This week I have been at the Local Government Association’s conference in Birmingham. Talk has turned to the world in the shadow of Grenfell.
The first thing councillors did was to thank firefighters and public sector workers for their outstanding dedication to our communities. The mood changed when Sajid David, the Secretary of State for Communities and Local Government attempted to lecture councillors on community confidence.
It is the Conservative government’s poisonous agenda of cuts and deregulation that has little community confidence: the bonfire of so-called ‘red tape’ which has seen crucial safety standards drop and our residents’ safety put on the line. Surely it’s reasonable that housing faces at least as much consumer protection and regulation as hotels do? Schools, hospitals and care homes are rightly regulated with the principle aim of putting the user centre stage. Why not housing?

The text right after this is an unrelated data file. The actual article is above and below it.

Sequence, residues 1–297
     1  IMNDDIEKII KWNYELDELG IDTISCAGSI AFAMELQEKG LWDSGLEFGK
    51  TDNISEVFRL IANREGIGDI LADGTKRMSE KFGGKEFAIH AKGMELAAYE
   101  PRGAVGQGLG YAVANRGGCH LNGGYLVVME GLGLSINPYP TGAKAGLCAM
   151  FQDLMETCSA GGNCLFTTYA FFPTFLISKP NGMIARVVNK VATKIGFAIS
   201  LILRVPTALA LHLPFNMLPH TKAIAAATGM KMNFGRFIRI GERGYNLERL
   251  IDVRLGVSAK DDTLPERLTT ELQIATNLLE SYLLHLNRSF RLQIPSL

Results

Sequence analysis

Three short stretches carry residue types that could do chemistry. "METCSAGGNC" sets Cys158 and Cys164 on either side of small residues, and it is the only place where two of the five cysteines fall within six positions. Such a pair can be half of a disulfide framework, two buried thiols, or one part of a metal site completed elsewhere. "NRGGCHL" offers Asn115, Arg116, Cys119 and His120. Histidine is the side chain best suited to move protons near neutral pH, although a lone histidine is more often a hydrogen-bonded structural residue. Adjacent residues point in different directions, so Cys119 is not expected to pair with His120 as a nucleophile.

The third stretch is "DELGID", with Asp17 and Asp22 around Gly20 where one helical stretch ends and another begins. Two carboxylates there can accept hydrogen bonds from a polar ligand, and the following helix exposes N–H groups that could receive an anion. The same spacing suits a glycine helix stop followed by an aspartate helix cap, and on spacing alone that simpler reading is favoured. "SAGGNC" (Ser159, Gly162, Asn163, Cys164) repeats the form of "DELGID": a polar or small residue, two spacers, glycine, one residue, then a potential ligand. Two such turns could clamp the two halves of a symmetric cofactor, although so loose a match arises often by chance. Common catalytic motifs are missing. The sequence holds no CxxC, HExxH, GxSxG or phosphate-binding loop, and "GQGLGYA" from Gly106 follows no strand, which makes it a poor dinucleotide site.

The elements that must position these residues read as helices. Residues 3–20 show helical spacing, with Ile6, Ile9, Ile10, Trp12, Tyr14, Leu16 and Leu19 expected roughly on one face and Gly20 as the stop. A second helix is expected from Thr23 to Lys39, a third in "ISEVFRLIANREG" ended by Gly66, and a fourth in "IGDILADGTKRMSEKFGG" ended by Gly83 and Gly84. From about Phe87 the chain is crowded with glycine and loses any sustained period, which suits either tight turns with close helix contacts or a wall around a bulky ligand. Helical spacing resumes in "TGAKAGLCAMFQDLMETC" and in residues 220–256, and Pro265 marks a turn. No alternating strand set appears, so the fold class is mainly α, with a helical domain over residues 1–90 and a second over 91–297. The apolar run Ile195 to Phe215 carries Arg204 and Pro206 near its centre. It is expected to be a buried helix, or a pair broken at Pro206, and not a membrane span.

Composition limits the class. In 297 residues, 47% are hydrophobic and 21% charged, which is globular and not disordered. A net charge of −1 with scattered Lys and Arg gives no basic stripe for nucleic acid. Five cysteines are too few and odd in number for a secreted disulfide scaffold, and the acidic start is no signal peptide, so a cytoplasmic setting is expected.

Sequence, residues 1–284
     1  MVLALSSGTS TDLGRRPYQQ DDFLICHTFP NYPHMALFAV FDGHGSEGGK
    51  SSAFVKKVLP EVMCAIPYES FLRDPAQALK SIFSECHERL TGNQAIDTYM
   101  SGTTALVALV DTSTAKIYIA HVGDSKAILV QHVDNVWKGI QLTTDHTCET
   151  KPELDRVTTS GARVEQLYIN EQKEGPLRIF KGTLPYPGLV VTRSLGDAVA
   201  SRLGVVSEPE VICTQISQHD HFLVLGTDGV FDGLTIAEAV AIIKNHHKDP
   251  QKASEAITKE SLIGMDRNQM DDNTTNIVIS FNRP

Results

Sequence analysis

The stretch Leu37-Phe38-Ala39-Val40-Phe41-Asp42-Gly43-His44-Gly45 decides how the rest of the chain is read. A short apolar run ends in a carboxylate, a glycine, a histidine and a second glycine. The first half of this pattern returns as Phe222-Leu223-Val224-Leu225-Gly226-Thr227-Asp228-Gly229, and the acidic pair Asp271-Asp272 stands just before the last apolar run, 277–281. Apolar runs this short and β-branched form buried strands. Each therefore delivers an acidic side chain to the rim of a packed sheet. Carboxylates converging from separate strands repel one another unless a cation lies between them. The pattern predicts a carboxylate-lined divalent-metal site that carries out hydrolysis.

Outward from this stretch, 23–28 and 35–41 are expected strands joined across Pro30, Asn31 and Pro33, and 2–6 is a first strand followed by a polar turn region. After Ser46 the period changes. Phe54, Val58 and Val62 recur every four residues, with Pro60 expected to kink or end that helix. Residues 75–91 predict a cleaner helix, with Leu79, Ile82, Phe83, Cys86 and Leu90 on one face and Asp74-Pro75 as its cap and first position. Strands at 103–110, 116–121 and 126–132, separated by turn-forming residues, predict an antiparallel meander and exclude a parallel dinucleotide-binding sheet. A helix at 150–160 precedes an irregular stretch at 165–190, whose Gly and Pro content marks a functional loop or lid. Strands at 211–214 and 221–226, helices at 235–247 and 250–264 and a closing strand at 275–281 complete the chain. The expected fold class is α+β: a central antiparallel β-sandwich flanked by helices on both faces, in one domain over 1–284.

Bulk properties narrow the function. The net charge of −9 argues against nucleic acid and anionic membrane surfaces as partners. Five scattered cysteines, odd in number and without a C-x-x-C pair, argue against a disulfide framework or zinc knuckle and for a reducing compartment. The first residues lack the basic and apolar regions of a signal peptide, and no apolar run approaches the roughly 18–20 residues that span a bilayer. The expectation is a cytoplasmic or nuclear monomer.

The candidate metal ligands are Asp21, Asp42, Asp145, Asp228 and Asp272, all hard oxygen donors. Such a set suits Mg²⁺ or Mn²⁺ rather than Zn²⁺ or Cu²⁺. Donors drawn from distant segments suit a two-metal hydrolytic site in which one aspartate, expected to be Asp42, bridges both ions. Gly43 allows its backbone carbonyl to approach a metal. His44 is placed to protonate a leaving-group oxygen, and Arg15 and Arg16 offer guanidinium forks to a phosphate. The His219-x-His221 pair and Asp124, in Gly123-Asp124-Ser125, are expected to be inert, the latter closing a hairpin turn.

The Cabinet Office website boasts that over 2,400 regulations have been scrapped and hundreds of housing standards reduced. In the weeks before Grenfell, the government considered abolishing EU regulations which aim to make external cladding safe. It is described as ‘expensive and burdensome’.
The Building Research Establishment, the organisation that carries out safety tests on materials, including testing cladding for its fire-resistance, has had huge government cuts. A faulty fridge is suspected to have started the Grenfell fire yet the Chartered Trading Standards Institute states that because of government cuts, UK trading standards have been cut to the bone. Fire safety officers perform safety audits and ensure that landlords and businesses comply with the law, but half of them have been cut since 2010 according the Fire Brigades’ Union. While one of the few bodies that represented tenants’ interests - the Tenants and Residents Organisation of England- was cut. Cuts and the rush to deregulate have already cost too many lives. We desperately need a new robust regulatory framework that puts the safety of our tenants first, not deems them ‘expensive’ or ‘red tape’.
Phelim Mac Cafferty is the convenor of the Greens on Brighton and Hove City Council.